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Amritsar: Day of Shame

A century ago, hundreds of innocent civilians were massacred on the orders of a brutal British general. Nige Tassell looks at a watershed moment in Indian history
The 1982 film Gandhi dramatised the moment the British opened fire. The incident cemented the Indian activist’s belief that British rule in India had to end

When of from on population Amritsar 14 the its April Punjabi fitful 1919, remained woke sleep city its frozen by the twin emotions of disbelief and horror. Less than 12 hours earlier, one of the 20th century’s most brutal peacetime atrocities had taken place within its city limits.

Thousands were trapped in the narrow exits of Jallianwala Bagh as they tried to escape the slaughter

In a small, walled-in area of open ground known as Jallianwala Bagh, a 20,000-strong crowd had gathered for both a public meeting and to celebrate the Sikh festival of Baisakhi. Instead they were exposed to ten long minutes of indiscriminate Indian Army gunfire which, directed by an English brigadier-general, took the lives of hundreds of unarmed citizens. As the bullets rained down on those frantically trying to flee the scene through the park’s narrow exits, the bodies fell where they were hit, piling on top of each other, sometimes 12 corpses high. Among the dead were dozens of boys: one was as young as six weeks old.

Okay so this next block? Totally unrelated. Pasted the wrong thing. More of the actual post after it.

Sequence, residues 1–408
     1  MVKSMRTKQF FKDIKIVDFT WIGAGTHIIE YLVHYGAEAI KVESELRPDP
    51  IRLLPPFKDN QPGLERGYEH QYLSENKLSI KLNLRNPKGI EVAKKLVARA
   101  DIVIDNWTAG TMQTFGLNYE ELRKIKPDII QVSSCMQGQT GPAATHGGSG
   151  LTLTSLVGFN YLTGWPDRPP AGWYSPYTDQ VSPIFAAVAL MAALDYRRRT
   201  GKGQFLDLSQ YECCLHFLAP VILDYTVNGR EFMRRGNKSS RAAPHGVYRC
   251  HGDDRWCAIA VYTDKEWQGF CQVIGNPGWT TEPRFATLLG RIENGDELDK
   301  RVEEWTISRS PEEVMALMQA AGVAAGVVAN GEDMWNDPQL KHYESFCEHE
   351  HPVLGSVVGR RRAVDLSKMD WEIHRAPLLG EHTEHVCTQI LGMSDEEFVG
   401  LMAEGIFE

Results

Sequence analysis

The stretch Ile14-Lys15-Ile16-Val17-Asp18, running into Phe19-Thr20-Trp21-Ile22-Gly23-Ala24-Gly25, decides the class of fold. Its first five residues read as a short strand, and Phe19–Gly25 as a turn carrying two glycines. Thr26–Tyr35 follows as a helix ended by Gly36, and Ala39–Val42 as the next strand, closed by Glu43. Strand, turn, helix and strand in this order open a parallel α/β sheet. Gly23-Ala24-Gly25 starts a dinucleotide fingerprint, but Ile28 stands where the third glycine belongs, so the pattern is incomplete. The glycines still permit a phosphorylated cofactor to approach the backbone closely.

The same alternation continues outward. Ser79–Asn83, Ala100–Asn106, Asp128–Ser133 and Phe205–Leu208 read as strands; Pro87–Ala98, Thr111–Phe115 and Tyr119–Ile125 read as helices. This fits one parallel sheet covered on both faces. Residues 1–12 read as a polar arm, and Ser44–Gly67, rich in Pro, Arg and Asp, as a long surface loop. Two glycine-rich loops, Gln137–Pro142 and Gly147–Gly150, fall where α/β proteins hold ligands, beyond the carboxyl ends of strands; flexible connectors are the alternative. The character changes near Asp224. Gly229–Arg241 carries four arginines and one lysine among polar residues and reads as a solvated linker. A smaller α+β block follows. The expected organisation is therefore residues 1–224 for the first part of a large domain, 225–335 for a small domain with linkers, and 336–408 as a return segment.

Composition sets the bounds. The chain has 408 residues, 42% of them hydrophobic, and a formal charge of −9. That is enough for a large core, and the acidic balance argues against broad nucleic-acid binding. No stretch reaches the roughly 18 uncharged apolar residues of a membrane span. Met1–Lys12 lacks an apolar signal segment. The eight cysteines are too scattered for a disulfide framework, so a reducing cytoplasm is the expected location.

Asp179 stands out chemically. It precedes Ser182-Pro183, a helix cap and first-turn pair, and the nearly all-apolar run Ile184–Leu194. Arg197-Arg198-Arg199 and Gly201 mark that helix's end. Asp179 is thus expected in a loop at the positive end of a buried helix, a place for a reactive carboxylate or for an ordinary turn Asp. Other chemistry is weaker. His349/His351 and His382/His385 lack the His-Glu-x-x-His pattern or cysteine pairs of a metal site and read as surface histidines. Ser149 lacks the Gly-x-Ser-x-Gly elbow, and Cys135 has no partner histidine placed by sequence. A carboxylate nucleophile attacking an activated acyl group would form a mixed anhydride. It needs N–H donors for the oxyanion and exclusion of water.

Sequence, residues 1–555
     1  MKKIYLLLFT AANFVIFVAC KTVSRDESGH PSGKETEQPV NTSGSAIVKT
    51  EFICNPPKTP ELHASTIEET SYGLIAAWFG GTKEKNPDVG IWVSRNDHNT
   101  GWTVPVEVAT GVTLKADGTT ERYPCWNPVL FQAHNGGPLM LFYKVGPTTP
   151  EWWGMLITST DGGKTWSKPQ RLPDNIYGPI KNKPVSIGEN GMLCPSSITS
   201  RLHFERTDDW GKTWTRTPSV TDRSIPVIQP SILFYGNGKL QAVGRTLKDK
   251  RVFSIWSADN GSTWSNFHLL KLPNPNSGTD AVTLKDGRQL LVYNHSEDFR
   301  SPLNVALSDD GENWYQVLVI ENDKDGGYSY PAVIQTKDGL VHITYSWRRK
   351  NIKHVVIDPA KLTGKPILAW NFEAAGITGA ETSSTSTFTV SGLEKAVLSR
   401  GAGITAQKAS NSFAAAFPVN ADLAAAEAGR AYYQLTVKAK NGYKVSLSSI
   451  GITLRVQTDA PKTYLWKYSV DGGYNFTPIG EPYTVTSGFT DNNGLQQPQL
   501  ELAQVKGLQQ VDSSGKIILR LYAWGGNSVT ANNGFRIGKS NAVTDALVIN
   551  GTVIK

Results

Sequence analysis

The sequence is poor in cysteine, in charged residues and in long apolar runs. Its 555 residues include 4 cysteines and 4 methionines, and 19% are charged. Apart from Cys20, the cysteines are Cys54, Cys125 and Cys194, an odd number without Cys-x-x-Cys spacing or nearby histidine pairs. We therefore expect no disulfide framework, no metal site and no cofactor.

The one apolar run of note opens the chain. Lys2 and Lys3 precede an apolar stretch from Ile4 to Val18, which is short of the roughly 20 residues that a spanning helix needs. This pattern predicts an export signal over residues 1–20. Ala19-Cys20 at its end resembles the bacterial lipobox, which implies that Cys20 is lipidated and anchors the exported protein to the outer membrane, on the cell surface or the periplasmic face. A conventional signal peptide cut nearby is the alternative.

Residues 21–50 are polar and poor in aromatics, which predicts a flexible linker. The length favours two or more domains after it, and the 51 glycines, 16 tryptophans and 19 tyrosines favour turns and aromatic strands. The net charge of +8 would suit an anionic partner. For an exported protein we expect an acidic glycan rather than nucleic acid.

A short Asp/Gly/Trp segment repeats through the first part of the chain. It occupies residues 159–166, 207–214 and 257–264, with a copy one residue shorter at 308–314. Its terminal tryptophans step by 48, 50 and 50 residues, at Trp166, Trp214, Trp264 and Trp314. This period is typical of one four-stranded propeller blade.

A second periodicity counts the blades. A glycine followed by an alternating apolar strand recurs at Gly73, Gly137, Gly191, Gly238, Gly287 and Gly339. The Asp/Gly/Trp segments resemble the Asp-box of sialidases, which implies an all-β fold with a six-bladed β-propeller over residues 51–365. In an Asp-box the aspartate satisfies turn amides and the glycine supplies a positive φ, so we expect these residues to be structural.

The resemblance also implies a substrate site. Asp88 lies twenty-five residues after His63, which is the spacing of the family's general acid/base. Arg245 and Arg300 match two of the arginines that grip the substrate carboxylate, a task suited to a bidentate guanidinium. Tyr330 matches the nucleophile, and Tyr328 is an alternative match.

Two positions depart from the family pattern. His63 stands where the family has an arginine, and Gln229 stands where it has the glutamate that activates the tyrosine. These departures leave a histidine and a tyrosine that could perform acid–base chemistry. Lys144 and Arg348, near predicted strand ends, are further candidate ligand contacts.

As the Sun rose to signal another blisteringly hot day in the state of Punjab, the full horror of the previous evening made itself known. With a curfew in place the previous evening, those who had avoided the bloodbath were unable to recover the bodies of their loved ones. The majority had died instantly; those who were injured and unable to move at the time were likely to have perished overnight. The dead were subjected to the indignity of having stray dogs feast on their flesh. “The Bagh was like a battlefield,” described Lala Karam Chand, a survivor of the prolonged shooting, who searched for his brother among the carnage. “There were corpses scattered everywhere in heaps.”

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About BBC History Revealed

William Shakespeare had humble beginnings – how did he transform into England’s greatest playwright? We explore how the ‘upstart crow’ became so widely celebrated. Plus: The mysterious assassins of the medieval Muslim world are explored, we dig into the diaries of Samuel Pepys and take a look at the life of Æthelflæd, Lady of the Mercians.